New R250m hospital for rural Limpopo
8 July 2011
President Jacob Zuma has announced plans to build a new R250-million hospital in Limpopo to address critical health challenges in one of South Africa's most rural provinces.
Zuma made the announcement during a visit to Siloam village, about 40 kilometres from Beit Bridge, on Thursday. Addressing the villagers, Zuma said the hospital would be built in phases over a period of three years and would replace the old hospital in the area.
"We are here to check how government is performing and, as part of that, we want to ensure that you are happy with the services that are being rendered to you," Zuma told locals.
Accompanied by Minister in the Presidency Collins Chabane, Health Minister Aaron Motsoaledi and Limpopo Premier Cassel Mathale, Zuma said the government's new monitoring and evaluation approach would ensure that issues of health and education remained top of the state's service delivery agenda.
"The monitoring we are doing is not through papers. It is concrete, and we want to see and hear what people are saying, so when something is not working it can be changed," Zuma said after listening to complaints from the residents about the current Siloam Hospital.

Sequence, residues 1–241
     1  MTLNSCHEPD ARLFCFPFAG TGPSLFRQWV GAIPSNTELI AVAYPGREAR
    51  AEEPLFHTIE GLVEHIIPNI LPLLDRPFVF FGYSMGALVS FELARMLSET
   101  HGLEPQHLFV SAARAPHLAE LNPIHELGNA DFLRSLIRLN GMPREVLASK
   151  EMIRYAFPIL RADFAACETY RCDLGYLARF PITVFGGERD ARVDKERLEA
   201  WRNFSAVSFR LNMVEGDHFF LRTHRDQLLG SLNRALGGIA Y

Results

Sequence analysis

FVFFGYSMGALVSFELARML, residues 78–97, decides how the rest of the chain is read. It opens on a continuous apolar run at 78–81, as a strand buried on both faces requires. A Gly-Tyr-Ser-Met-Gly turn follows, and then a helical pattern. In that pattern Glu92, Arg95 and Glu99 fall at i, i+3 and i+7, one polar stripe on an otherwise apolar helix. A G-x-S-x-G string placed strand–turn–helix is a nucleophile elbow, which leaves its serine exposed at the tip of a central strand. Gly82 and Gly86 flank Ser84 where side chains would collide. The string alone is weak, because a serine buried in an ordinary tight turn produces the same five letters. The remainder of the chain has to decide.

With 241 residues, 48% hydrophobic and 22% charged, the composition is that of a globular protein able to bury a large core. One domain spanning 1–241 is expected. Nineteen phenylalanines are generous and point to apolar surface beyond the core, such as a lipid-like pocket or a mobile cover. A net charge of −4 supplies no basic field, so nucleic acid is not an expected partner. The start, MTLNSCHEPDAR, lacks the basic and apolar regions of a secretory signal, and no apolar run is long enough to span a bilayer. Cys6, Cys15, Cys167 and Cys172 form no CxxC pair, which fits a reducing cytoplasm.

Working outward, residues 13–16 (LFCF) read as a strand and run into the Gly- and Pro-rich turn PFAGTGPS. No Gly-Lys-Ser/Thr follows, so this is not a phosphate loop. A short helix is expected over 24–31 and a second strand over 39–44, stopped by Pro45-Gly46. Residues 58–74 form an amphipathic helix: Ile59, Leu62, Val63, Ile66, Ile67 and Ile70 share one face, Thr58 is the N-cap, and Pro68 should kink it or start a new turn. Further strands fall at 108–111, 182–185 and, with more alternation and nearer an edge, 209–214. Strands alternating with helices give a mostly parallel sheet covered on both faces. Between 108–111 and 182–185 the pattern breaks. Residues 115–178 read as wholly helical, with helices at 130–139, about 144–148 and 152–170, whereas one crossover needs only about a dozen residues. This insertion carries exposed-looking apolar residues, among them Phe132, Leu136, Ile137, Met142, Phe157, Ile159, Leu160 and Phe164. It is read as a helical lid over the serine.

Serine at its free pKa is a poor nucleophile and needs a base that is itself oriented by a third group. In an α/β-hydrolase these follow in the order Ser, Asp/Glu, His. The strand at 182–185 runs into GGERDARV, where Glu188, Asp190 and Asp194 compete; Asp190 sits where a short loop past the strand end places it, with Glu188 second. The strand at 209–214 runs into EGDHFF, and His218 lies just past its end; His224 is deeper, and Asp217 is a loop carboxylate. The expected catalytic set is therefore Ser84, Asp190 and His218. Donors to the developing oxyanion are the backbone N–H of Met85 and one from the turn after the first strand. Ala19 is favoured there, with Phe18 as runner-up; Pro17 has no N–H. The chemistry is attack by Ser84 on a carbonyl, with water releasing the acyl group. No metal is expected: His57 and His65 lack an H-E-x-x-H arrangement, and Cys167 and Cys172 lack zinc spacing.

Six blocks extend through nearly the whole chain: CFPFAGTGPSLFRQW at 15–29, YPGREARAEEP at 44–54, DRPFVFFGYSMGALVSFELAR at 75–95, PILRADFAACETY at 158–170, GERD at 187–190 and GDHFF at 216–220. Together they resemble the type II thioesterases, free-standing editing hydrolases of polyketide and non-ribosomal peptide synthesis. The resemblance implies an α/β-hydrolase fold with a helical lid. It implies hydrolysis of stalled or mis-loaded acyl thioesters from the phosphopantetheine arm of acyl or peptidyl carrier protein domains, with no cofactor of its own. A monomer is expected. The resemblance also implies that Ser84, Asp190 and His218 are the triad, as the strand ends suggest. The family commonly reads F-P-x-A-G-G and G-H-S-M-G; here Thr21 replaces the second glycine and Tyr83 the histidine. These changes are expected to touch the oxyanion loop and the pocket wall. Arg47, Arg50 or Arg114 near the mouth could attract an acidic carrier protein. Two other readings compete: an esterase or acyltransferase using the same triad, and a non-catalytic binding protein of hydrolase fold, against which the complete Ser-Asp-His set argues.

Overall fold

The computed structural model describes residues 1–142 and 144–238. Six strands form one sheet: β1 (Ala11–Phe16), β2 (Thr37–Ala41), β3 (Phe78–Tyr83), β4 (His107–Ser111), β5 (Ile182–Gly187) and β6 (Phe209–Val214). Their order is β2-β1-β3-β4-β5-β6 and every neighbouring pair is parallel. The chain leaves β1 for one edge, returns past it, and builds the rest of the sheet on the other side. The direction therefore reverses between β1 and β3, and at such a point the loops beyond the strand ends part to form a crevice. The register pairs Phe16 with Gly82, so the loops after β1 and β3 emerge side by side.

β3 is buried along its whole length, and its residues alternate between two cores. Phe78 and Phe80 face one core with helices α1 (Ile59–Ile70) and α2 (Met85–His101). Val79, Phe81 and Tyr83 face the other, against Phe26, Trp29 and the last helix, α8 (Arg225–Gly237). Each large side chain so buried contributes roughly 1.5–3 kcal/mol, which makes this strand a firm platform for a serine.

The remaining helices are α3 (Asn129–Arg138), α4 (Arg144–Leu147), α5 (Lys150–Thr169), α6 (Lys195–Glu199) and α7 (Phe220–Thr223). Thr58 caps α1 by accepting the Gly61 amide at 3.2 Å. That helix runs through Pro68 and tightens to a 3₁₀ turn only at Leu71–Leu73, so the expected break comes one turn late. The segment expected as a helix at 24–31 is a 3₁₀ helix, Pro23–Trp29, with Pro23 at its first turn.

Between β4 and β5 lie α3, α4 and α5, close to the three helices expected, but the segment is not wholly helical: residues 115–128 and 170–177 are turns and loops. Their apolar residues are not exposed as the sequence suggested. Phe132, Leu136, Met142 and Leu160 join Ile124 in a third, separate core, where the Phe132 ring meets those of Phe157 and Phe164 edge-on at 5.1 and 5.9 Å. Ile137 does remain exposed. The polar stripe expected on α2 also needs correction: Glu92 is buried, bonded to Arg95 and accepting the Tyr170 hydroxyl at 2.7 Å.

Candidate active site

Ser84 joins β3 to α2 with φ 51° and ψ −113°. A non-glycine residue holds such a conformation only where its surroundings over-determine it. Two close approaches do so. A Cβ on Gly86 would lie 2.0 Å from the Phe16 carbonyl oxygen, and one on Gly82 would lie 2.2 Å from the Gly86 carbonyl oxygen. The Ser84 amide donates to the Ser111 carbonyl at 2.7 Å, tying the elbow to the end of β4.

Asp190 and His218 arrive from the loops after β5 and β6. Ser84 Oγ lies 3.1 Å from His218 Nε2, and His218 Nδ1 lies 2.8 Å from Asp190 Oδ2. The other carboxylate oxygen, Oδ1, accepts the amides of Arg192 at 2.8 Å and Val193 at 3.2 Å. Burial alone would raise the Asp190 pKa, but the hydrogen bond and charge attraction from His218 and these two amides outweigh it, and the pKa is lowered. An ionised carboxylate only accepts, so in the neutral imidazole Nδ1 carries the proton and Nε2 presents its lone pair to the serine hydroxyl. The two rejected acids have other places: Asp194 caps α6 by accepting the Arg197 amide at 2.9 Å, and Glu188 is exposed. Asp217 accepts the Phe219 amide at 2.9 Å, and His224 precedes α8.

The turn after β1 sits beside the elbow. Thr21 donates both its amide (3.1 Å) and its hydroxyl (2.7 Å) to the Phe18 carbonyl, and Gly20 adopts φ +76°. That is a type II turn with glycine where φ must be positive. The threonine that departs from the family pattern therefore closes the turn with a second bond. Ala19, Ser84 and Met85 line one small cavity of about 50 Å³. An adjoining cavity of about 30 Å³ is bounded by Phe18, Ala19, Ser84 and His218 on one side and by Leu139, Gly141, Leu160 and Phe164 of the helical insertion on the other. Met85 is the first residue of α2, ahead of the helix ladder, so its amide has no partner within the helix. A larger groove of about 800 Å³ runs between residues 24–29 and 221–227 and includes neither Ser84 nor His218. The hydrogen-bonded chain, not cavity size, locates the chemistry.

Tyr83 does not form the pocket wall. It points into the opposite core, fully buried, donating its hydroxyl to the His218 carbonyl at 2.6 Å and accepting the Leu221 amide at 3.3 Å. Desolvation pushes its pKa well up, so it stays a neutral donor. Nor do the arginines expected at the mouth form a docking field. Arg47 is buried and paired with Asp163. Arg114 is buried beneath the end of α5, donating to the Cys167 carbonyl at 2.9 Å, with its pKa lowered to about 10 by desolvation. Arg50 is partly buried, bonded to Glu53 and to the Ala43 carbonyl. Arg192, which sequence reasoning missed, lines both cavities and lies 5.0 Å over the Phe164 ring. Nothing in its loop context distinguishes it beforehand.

Earlier, Zuma went on an impromptu walkabout at the hospital. People from the dusty streets of the village, who had gathered outside the hospital to welcome Zuma, greeted him with cheers.
As he passed one of them, Muhatuli Mphepu shouted out, demanding that Zuma fire all the managers at the hospital "because they are useless."
"We want you to fire all of them, Msholozi, because they are useless and people are dying because we do not have a proper hospital system here," she said in Tshivenda.
Speaking at the community gathering afterwards, Zuma said an investigation would look into the challenges experienced at the hospital.
'Don't be afraid of the government'
A sad picture of poverty emerged during Zuma's visit, with people living in shacks pleading with the President to address unemployment and lack of amenities in the area.
Zuma stressed that his visit remained focused on health matters, particularly the issue of the hospital. He asked residents who had raised other issues to write them down and pass the list to his officials.
He encouraged those who attended to speak their minds "and don't be afraid of the government."
"No baba come here to the front, come and speak from here next to me so people can see you. Don't listen to that one ..." Zuma jokingly said after his spokesperson, Zizi Kodwa, tried to interfere with one of the community speakers.
Nurses also came in for harsh criticism from residents, who complained that they often had to wait for several hours at the hospital before receiving attention.
After the meeting, Zuma was whisked away by helicopter to Lebowakgomo, where he visited another hospital before a meeting with officials at the provincial legislature.